Figure 2
Figure 2

Diffusion across time of the Nuit Debout movement in France. How to read: On Saturday, April 9, 2016, 62 Nuit Debout gatherings took place.

Citation: Research Data Journal for the Humanities and Social Sciences 2019; 10.1163/24523666-00401005

As expected, the higher the city ranks in the hierarchy regarding its population census, the higher chance there was to see a Nuit Debout protest occurring at the beginning of the period. The only exception concerns cities located near a more central one – Villeurbanne near Lyon, Roubaix and Tourcoing near Lille, etc. But 17 out of the 26 first-week Nuit Debout gatherings (from Thursday, March 31 to Thursday, April 7) occurred in the biggest cities of the country. Seven of them are among the ten most highly populated French cities (Paris, Marseille, Lyon, Toulouse, Nantes, Montpellier, Strasbourg – only Nice, Bordeaux and Lille are missing), four among the top 20 (Rennes, Le Havre, Saint-Étienne, Angers), and six among the 47 French cities with more than 100 000 inhabitants (Amiens, Brest, Le Mans, Orléans, and Tours).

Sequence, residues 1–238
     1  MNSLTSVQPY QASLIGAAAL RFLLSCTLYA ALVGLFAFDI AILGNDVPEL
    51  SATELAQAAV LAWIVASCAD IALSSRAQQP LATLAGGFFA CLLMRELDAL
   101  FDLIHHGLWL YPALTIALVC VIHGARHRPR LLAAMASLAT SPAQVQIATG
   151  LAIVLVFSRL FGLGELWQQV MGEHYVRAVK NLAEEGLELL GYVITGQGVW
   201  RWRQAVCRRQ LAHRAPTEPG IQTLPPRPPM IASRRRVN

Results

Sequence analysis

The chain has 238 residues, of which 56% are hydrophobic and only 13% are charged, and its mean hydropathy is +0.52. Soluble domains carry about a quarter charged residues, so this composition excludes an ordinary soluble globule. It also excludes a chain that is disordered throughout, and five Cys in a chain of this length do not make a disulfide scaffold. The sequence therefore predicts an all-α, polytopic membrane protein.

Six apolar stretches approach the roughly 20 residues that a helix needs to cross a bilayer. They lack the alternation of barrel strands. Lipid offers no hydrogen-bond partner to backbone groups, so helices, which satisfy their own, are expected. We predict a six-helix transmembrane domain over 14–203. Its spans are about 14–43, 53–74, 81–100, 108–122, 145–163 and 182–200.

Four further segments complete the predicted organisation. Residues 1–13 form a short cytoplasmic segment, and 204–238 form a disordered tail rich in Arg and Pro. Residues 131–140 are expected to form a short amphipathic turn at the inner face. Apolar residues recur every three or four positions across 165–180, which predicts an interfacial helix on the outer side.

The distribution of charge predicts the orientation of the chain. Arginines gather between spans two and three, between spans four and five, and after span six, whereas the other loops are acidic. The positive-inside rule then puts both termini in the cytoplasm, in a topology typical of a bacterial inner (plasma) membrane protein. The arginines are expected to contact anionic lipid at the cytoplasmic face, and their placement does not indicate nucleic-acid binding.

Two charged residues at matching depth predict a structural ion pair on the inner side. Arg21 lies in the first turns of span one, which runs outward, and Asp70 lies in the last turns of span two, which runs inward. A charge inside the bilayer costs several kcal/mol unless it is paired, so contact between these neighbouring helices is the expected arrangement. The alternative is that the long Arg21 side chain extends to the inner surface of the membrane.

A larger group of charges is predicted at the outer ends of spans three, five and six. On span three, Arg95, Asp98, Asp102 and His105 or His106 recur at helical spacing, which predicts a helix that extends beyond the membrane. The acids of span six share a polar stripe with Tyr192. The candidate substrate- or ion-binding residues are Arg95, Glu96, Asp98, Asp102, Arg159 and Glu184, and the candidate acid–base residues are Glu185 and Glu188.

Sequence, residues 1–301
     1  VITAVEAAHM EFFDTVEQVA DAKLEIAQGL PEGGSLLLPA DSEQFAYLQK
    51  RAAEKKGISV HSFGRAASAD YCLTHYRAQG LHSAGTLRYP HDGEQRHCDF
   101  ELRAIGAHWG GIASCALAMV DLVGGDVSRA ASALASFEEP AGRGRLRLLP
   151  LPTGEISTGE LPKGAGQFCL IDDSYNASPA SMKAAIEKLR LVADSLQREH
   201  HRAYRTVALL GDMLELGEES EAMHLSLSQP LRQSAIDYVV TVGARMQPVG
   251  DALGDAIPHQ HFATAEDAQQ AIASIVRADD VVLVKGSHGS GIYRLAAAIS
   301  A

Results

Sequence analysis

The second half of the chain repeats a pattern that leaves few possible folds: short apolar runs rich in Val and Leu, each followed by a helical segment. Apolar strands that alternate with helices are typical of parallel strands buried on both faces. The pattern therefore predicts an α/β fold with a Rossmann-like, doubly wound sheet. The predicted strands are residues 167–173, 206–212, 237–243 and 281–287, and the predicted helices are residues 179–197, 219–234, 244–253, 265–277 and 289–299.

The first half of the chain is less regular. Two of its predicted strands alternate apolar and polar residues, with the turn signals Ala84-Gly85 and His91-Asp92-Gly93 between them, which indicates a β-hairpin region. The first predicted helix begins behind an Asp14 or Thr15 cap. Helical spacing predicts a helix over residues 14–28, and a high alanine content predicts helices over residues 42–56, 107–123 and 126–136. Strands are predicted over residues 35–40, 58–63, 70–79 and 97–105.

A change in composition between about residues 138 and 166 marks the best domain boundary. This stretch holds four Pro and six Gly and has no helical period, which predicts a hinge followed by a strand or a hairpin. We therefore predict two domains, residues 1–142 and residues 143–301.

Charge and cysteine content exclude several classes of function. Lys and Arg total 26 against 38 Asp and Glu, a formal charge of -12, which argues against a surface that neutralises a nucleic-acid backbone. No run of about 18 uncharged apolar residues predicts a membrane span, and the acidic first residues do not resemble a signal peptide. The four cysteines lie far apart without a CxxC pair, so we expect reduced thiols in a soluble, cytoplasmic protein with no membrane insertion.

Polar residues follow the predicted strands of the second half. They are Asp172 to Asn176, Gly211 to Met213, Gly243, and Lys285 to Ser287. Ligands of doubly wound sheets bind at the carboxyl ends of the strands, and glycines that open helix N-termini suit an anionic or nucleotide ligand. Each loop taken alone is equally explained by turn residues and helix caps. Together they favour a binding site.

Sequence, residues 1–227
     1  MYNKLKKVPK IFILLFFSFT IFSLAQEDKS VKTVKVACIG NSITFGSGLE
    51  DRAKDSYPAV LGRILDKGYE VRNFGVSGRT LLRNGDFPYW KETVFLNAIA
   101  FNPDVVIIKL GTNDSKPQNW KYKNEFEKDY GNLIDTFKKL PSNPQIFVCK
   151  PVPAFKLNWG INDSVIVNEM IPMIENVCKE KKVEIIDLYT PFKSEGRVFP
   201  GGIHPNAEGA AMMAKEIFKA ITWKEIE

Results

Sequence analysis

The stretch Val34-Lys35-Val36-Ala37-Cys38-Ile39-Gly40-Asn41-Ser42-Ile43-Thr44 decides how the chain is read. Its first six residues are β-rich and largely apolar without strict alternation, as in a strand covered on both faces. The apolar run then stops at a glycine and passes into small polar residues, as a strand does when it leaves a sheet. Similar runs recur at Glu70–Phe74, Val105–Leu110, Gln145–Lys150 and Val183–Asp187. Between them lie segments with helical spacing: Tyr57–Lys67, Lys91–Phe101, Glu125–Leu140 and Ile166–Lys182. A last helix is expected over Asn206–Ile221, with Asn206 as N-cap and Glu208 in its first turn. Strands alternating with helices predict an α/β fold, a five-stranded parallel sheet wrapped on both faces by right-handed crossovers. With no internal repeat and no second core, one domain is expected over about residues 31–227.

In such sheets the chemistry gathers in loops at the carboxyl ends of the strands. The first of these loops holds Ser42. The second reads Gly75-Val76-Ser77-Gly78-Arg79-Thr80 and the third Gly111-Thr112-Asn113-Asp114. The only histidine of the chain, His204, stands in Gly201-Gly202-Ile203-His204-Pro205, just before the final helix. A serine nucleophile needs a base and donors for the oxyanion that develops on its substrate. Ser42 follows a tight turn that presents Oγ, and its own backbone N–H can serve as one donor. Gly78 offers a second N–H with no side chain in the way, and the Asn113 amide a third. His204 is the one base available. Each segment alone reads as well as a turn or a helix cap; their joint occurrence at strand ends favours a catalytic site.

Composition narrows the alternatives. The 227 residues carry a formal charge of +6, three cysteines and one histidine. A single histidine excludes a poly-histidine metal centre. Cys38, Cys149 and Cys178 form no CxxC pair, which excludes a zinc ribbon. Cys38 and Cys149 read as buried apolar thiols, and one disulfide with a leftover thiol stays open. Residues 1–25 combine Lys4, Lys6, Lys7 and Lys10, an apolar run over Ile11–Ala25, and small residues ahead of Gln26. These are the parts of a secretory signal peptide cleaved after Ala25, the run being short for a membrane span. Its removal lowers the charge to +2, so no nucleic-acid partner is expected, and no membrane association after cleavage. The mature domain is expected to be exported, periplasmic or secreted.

Figure 3
Figure 3

Nuit Debout locations (April 2016), summary map

Citation: Research Data Journal for the Humanities and Social Sciences 2019; 10.1163/24523666-00401005

However, explaining why it happens here and not there, and why some Nuit Debout assemblies succeeded in gathering a decent audience for several weeks is harder. Local configurations play a major role, as well as the mix of individual militant trajectories, local support from organizations, and the regional and local political context. Our dataset gives opportunities for searching patterns and anomalies but is so far one more aid to understand what happened in France in spring 2016. Nuit debout was far from being limited to Paris.